The context of the problem is different but I'll try to describe using red and black balls.
Let say we have 5 boxes with red and black balls and we take one from each box. The number of ways to get only red balls is $r_1 \cdot r_2 \cdot r_3 \cdot r_4 \cdot r_5$ where r is the number of red balls in the each box. If we want to get exactly 3 red and 2 black balls the number of ways is the sum of 10 products $(r_1 \cdot r_2 \cdot r_3 \cdot b_4 \cdot b_5 ) + ( r_1 \cdot r_2 \cdot b_3 \cdot r_4 \cdot b_5 ) + \cdot \cdot \cdot + ( b_1 \cdot b_2 \cdot r_3 \cdot r_4 \cdot r_5)$.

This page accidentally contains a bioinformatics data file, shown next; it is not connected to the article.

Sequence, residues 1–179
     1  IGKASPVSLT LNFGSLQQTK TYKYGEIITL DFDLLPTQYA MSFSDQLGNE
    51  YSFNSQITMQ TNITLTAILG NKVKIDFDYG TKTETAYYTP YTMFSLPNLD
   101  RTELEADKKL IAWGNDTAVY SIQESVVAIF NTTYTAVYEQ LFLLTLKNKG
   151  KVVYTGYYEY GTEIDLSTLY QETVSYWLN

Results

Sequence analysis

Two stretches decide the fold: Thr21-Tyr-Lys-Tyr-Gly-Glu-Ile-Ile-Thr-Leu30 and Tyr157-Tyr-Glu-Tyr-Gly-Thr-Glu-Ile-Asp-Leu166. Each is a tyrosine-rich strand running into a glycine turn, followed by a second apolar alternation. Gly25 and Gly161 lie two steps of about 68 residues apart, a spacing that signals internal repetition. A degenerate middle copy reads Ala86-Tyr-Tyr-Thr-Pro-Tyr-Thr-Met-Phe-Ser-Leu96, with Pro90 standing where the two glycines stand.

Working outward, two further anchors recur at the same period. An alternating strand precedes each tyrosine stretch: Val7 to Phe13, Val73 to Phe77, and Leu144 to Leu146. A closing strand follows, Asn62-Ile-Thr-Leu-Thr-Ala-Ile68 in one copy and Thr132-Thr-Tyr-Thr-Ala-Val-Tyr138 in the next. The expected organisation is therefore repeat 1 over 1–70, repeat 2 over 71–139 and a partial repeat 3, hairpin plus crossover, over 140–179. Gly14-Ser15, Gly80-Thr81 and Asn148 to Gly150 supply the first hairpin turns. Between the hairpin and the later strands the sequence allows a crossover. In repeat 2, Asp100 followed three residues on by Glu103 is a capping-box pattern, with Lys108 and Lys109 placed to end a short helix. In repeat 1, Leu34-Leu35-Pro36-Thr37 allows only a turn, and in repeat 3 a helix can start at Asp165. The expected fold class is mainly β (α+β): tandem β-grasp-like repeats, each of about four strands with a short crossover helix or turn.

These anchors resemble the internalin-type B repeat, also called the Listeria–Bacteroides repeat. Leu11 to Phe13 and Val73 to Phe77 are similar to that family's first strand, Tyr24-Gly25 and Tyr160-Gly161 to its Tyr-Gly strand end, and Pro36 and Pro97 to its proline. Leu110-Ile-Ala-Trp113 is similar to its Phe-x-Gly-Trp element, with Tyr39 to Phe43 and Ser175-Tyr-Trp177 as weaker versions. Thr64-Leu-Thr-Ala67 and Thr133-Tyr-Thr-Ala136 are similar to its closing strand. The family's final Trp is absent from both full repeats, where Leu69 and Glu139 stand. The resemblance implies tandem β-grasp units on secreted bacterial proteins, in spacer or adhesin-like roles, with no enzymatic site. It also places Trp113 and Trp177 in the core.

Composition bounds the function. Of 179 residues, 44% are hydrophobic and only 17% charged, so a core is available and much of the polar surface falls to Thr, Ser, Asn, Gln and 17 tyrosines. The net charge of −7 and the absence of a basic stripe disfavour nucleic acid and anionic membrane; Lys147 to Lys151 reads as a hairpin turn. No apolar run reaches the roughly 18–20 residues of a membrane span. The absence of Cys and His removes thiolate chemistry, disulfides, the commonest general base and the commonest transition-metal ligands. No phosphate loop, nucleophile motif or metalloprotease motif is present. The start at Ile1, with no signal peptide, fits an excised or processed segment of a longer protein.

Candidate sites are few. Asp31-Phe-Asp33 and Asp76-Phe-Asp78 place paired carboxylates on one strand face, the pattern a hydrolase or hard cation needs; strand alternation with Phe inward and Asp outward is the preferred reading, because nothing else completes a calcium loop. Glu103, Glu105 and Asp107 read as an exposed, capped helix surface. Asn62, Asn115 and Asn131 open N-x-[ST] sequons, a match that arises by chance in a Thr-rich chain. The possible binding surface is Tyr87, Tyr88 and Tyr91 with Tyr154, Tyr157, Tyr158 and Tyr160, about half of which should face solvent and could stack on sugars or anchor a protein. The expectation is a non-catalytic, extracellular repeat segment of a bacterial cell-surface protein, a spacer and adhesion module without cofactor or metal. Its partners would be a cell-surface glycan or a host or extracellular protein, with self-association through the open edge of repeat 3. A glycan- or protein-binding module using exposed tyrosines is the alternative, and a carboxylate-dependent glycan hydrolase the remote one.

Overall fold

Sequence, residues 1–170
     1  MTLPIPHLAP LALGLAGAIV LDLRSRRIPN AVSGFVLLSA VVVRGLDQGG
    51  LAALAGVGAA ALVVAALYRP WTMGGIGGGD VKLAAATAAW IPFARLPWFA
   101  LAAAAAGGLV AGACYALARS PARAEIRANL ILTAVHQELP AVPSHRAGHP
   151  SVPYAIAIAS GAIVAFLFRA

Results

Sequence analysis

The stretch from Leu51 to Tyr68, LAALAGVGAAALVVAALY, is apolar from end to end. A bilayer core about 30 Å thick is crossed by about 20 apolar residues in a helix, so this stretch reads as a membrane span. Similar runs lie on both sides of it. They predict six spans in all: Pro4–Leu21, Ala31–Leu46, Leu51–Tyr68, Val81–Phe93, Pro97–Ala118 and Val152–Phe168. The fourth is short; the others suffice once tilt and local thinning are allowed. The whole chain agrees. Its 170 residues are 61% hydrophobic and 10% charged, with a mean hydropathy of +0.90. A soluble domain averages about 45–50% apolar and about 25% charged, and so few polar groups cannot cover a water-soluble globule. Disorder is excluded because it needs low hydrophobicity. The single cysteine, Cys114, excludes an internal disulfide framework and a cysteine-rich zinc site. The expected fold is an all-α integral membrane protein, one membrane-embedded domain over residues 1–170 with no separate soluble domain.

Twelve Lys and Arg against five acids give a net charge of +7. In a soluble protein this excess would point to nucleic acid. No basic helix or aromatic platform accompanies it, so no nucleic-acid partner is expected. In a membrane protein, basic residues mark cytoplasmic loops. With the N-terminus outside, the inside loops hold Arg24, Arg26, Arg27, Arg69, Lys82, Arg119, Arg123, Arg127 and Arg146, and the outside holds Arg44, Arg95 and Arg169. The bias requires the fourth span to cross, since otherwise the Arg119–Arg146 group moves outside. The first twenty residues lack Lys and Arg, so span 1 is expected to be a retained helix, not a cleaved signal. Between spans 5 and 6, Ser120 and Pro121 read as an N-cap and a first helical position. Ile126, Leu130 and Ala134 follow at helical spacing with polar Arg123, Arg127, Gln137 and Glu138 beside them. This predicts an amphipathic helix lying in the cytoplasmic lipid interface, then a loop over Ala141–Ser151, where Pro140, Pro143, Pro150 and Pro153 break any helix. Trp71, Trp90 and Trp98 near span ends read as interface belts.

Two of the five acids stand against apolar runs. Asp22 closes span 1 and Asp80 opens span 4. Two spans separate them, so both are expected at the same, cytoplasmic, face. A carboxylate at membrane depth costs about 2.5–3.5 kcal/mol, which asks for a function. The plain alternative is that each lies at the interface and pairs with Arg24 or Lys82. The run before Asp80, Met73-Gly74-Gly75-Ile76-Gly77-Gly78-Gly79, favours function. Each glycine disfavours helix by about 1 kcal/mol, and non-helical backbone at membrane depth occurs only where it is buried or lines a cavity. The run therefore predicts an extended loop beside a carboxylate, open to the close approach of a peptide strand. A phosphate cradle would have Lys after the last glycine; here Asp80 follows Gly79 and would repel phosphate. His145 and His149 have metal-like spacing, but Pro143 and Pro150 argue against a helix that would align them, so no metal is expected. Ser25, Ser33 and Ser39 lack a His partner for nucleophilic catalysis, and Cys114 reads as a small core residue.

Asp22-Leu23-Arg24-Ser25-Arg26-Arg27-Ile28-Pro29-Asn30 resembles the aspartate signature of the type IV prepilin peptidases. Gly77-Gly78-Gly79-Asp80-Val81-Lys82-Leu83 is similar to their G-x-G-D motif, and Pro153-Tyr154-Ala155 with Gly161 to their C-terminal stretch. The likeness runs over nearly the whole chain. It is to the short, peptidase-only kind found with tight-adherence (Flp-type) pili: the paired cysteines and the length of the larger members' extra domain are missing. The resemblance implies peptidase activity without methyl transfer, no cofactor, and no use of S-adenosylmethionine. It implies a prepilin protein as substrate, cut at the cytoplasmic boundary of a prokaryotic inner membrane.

Now I have a slightly different problem. Each box has red, black and some other balls that we don't know yet the color (red or black). The number of balls with unknown colors is $q$.
If we take one ball from each box and we want all to be red, the maximum number of possible ways now is $(r_1+q_1)(r_2+q_2)(r_3+q_3)$...since each unknown color can be red.
My question is what is the maximum number of ways to get 3 red and 2 black balls in the second version?
So, from all combinations of balls $N = (r_1+b_1+q_1)(r_2+b_2+q_2)\cdots(r_5+b_5+q_5)$, how many of them are candidates to have 3 red and 2 black balls?